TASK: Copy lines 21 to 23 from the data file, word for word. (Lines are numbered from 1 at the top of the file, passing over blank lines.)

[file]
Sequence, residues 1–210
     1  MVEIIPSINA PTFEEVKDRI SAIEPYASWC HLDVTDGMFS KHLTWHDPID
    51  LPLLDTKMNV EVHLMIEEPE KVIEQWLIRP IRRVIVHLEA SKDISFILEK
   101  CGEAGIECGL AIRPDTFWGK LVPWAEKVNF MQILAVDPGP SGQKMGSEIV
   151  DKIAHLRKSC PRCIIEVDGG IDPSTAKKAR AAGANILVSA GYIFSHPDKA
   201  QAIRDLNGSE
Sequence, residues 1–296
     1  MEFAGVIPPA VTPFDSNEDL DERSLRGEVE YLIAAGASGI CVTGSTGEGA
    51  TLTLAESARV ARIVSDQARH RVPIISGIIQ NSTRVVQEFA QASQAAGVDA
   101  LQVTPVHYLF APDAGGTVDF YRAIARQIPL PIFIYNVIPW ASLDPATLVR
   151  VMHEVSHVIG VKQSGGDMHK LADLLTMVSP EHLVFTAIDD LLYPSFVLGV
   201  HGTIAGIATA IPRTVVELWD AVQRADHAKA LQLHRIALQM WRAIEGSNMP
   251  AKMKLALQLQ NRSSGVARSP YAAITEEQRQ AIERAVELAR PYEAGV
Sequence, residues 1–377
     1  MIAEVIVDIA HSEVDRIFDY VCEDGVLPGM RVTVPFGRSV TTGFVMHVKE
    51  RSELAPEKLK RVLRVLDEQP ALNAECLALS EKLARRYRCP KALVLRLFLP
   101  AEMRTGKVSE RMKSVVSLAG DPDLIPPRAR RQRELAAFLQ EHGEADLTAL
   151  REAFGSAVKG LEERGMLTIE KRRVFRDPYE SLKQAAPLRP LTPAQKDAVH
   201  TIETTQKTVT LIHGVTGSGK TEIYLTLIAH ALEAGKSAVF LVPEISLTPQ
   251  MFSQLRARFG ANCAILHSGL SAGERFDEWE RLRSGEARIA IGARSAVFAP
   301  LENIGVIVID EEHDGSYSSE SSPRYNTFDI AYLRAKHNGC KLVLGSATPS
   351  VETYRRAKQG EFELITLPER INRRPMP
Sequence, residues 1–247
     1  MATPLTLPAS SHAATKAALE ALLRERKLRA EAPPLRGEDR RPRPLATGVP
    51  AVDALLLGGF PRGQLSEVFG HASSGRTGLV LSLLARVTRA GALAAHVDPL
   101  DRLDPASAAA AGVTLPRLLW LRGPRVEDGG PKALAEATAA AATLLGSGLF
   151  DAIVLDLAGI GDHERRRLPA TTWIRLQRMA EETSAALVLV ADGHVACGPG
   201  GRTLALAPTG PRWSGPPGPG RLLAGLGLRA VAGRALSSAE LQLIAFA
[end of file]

   301  LENIGVIVID EEHDGSYSSE SSPRYNTFDI AYLRAKHNGC KLVLGSATPS
   351  VETYRRAKQG EFELITLPER INRRPMP
Sequence, residues 1–247